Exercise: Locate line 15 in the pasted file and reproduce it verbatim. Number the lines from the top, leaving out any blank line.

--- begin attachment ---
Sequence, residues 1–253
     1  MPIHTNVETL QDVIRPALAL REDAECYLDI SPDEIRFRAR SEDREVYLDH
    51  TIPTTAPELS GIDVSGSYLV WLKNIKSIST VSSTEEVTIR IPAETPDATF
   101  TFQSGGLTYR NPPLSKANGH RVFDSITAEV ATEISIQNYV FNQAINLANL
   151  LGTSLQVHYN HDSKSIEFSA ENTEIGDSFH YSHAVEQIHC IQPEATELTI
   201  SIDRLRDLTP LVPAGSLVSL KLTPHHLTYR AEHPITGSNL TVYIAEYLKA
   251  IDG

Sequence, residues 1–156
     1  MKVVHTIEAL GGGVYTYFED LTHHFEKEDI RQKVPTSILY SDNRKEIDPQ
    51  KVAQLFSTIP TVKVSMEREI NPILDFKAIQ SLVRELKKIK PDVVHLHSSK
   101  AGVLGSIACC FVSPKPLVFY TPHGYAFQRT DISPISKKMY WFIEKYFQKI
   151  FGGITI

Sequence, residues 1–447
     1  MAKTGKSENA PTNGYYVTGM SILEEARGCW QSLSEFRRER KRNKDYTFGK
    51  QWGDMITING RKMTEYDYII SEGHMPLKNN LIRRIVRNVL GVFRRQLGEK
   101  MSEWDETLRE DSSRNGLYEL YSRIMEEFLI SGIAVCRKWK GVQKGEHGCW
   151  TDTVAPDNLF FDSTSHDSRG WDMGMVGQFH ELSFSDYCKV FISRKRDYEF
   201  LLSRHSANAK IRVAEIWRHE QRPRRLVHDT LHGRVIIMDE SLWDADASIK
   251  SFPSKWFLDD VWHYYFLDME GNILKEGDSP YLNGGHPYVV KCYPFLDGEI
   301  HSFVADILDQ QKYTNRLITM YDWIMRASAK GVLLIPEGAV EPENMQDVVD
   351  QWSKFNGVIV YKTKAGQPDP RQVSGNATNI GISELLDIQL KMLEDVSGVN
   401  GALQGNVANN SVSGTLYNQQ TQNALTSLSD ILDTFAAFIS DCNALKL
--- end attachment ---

    51  QWGDMITING RKMTEYDYII SEGHMPLKNN LIRRIVRNVL GVFRRQLGEK